In the treatment of diabetes insipidus one may be inclined to focus attention upon polyuria and polydipsia and to be gratified if these appear to be under passably satisfactory control.
Observations to be presented suggest that it may be important also to make sure that some of the secondary effects of polyuria and polydipsia, such as stunting of growth and hydronephrosis, are being prevented and that the time occupied by the disease and its therapy are minimized.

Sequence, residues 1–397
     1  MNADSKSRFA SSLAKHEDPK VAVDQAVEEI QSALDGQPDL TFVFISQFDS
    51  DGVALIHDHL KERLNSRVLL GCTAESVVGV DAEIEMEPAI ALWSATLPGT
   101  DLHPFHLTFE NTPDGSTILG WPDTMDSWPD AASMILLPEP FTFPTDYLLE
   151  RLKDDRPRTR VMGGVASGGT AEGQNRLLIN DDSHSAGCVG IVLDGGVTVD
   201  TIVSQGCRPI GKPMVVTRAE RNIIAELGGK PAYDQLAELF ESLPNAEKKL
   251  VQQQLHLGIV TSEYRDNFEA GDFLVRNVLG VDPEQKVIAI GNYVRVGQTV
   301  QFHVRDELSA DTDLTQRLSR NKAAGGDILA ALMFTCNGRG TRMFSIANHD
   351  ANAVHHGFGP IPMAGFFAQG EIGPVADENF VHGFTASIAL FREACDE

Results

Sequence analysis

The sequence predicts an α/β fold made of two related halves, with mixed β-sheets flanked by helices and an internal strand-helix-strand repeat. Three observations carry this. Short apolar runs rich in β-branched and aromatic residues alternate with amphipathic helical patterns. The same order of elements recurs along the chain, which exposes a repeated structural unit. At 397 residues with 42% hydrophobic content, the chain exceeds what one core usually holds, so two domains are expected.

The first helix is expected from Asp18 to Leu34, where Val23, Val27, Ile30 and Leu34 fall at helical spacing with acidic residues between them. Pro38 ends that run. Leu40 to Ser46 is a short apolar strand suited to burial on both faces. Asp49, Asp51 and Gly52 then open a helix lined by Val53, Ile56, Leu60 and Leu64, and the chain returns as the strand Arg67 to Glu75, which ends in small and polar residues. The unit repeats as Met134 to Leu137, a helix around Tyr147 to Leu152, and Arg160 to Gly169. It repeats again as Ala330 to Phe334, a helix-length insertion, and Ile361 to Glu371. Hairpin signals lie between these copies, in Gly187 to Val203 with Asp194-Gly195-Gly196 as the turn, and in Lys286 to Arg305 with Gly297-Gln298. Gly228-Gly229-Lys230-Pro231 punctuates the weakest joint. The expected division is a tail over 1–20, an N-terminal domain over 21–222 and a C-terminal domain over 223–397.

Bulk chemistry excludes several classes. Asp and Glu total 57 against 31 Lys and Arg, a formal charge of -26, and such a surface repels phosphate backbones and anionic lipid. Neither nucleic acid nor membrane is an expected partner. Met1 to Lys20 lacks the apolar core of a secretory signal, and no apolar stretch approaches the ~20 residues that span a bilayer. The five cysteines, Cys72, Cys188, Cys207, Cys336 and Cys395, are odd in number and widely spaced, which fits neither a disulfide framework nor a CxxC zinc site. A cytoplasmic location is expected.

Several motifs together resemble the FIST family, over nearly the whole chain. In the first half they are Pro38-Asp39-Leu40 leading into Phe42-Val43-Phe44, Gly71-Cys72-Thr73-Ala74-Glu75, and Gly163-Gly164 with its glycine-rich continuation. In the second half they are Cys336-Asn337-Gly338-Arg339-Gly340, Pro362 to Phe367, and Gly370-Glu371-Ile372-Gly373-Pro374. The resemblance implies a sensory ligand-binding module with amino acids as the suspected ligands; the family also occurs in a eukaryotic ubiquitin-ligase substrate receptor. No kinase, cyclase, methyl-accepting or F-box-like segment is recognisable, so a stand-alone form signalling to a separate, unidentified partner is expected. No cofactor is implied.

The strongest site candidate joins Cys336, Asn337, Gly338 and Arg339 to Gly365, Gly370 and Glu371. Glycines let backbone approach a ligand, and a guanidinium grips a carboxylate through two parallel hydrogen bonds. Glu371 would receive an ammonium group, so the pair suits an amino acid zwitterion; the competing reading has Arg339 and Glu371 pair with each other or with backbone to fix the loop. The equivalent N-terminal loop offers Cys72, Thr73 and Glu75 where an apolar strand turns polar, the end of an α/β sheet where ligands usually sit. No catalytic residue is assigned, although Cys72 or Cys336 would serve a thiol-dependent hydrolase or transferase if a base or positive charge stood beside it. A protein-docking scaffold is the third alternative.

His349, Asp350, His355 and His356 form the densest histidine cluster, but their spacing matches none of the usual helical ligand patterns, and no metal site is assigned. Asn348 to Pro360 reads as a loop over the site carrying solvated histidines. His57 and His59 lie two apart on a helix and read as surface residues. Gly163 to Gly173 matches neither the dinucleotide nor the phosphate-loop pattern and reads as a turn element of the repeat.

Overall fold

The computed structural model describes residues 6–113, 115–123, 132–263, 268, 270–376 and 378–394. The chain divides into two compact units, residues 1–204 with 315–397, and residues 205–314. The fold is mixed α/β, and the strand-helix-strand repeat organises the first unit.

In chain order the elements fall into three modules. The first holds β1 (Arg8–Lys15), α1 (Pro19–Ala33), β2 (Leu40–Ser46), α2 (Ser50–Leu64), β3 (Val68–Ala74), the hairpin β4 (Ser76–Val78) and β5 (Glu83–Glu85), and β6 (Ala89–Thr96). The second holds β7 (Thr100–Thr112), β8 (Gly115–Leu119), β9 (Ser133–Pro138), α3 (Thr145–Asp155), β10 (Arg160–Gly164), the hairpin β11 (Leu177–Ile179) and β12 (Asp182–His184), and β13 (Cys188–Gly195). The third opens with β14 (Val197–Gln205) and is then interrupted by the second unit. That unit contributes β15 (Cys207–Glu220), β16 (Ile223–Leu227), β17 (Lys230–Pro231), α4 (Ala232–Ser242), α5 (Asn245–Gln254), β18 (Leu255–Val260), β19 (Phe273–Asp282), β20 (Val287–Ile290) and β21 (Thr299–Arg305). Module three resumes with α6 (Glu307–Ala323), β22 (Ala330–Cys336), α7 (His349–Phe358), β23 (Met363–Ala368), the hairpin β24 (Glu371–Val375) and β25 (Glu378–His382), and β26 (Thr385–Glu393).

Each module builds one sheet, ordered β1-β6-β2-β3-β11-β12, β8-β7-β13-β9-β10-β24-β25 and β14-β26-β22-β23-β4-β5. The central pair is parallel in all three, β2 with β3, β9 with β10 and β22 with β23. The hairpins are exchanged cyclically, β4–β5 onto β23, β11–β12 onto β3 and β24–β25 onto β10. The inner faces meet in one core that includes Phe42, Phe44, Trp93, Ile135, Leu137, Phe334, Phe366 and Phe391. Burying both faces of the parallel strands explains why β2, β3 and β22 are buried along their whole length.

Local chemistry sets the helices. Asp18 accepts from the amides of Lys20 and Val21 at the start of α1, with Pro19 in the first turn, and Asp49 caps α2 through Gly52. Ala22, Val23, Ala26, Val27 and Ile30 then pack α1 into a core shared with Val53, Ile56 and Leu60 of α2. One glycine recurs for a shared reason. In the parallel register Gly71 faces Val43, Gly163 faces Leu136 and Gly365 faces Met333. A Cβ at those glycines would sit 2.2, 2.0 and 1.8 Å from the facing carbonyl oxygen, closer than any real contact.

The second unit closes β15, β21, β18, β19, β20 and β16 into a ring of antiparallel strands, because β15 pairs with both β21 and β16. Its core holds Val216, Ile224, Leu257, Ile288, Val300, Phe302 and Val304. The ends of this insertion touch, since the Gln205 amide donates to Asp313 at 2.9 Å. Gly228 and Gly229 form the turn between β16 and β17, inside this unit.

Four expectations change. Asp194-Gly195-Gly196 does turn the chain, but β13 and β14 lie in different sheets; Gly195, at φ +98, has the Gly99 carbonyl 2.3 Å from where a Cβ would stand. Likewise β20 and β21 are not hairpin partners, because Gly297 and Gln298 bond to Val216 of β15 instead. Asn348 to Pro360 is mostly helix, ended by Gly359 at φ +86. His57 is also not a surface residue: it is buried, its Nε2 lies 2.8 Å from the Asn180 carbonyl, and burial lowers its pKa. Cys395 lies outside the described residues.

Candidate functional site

Case 1.—A 3-year-old male child, when first seen in 1951, had a history of polyuria and polydipsia since the age of 23 months. Closer questioning revealed that 3 weeks before the onset of the symptoms the patient had been knocked down by an older boy. He was drowsy for 24 hours after the fall and had bleeding from the left ear canal. This suggested that skull fracture with severance of the pituitary